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Auto Show:  2011 Chicago Auto Show

Vehicle Testing the Warm and Dry Way - Chicago Auto Show

February 2011 author photo


February 14, 2011

Covering 1.3 million square feet of exhibition space, Chicago hosts the biggest auto show in the United States. That much room allows companies some extra creative freedom to stretch out and offer show-goers more of a hands-on (and feet-in) experience. The 2011 Chicago auto extravaganza sports no less than four indoor test tracks.

After being something of a plinth queen, the 2011 Chevrolet Volt plug-in hybrid is finally available for test drives, admittedly at a slower pace than one might like. But it is around a winding little lap surrounded by real shrubbery, just to emphasize the car’s green brief. On the way are charging stations that can help potential buyers familiarize themselves with this less-than-usual form of propulsion.

It doesn’t account for much of Ford’s presence in the Windy City, but the area dedicated to the 2011 Explorer’s off-road talents shows some clever use of space, a bit like the seven-seater SUV itself. All-wheel-drive versions come with a Terrain Management system that can tackle surfaces like snow, sand and mud just by the turn of a dial. There is no mud or snow here, but there is sand – and a giant metal see-saw.

What happens is that the Explorer drives up the see-saw (the metal surface is not that grippy, which shows off the vehicle’s traction control). Once it gets past the pivot point, the whole thing points down, highlighting another off-road tool: Hill Descent Control. Back on the show floor, the SUV negotiates a sand-covered corner and then drives over asymmetrically placed pieces of lumber before letting off its human cargo and taking on another set of passengers.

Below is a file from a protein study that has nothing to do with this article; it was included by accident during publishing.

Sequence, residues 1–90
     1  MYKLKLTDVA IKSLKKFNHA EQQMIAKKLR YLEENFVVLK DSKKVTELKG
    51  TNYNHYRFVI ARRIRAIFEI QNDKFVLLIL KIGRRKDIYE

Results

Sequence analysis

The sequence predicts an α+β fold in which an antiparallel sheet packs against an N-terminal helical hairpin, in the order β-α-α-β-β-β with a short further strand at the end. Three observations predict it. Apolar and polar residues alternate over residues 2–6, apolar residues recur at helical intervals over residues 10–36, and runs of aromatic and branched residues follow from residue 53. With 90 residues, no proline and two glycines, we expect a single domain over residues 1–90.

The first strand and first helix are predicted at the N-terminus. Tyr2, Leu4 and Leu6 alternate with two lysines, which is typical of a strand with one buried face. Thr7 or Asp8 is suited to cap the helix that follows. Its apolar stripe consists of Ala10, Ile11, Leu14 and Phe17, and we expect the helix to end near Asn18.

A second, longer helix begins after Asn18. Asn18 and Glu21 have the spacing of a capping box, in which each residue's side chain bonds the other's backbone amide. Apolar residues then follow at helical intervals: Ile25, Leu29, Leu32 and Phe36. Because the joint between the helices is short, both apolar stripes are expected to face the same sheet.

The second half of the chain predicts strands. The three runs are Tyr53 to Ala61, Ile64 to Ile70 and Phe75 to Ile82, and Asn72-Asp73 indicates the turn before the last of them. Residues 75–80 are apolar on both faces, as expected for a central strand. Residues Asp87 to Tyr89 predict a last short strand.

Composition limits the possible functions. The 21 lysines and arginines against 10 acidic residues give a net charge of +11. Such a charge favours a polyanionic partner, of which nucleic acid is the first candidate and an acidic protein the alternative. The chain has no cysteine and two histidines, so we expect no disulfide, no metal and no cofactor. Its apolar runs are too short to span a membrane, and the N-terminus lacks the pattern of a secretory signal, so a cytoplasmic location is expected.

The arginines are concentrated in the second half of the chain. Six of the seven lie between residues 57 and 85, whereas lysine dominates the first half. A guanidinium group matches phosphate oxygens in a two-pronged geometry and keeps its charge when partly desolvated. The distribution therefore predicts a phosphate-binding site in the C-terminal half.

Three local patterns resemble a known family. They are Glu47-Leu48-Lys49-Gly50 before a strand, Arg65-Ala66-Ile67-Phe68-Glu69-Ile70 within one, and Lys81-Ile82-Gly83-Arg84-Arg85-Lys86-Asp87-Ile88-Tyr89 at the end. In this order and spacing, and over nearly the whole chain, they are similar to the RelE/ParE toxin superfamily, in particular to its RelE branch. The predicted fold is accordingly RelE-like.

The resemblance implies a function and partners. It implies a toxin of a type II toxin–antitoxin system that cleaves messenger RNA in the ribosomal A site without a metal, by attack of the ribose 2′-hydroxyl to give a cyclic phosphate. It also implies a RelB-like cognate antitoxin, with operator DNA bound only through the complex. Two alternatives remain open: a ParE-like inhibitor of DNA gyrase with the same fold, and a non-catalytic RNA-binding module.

There’s a similar theme, but on a grander scale, at the Jeep test track. This one has a ramp that climbs steeply to 20 feet, so there might be some heart-in-mouth moments when passengers realize they could almost touch the ceiling lights. Their composure will also be challenged at the part where a Jeep is set at a 45-degree angle and looks close to falling on its side. But this is a marque built to handle such obstacles in the wild, along with the bed of upright wooden posts, each one a different height, demonstrating the vehicle’s axle articulation.

The Toyota test track is about as big as Jeep’s, around 50,000 square feet. People walking past it might see the guys there in work boots and hard hats and assume they’re still building it. But it’s meant to be like that. This is a simulation of a construction site, where Toyota vehicles like the Highlander crossover and the big Tundra pickup can strut their stuff over actual mud slopes and through arches of scaffolding. The specialist drivers expect to handle around 900 passengers a day.

Considering the Chicago show is held in the depths of winter, with nearby Lake Michigan frozen over, indoor test tracks are a great idea. It all happens at McCormick Place, 2301 South Martin Luther King Drive, from February 11 to February 19.

author photoCOLIN RYAN has driven hundreds of cars thousands of miles while writing for BBC Top Gear magazine, Popular Mechanics, the Los Angeles Times, European Car, Import Tuner and many other publications, websites, TV shows, etc.

This image is a stock photo and is not an exact representation of any vehicle offered for sale. Advertised vehicles of this model may have styling, trim levels, colors and optional equipment that differ from the stock photo.
Vehicle Testing the Warm and Dry Way - Chicago Auto Show - Autotrader